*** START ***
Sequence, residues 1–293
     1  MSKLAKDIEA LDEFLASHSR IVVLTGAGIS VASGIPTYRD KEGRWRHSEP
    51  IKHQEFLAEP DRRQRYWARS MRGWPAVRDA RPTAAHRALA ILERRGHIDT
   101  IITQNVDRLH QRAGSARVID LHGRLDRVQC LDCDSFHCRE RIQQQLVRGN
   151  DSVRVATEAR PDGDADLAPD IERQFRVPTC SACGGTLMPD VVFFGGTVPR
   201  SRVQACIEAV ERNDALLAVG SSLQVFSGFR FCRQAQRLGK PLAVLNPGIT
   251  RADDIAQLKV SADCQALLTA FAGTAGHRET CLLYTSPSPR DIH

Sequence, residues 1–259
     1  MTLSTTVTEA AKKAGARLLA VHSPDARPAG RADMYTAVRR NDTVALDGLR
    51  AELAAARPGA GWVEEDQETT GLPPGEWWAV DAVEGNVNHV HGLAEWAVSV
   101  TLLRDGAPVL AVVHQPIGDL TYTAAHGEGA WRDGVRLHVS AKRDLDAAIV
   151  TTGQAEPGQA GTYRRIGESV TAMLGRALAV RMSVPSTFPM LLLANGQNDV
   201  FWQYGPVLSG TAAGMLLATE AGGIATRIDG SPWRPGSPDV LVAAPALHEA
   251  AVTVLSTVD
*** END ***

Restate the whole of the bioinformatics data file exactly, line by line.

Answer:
Sequence, residues 1–293
     1  MSKLAKDIEA LDEFLASHSR IVVLTGAGIS VASGIPTYRD KEGRWRHSEP
    51  IKHQEFLAEP DRRQRYWARS MRGWPAVRDA RPTAAHRALA ILERRGHIDT
   101  IITQNVDRLH QRAGSARVID LHGRLDRVQC LDCDSFHCRE RIQQQLVRGN
   151  DSVRVATEAR PDGDADLAPD IERQFRVPTC SACGGTLMPD VVFFGGTVPR
   201  SRVQACIEAV ERNDALLAVG SSLQVFSGFR FCRQAQRLGK PLAVLNPGIT
   251  RADDIAQLKV SADCQALLTA FAGTAGHRET CLLYTSPSPR DIH

Sequence, residues 1–259
     1  MTLSTTVTEA AKKAGARLLA VHSPDARPAG RADMYTAVRR NDTVALDGLR
    51  AELAAARPGA GWVEEDQETT GLPPGEWWAV DAVEGNVNHV HGLAEWAVSV
   101  TLLRDGAPVL AVVHQPIGDL TYTAAHGEGA WRDGVRLHVS AKRDLDAAIV
   151  TTGQAEPGQA GTYRRIGESV TAMLGRALAV RMSVPSTFPM LLLANGQNDV
   201  FWQYGPVLSG TAAGMLLATE AGGIATRIDG SPWRPGSPDV LVAAPALHEA
   251  AVTVLSTVD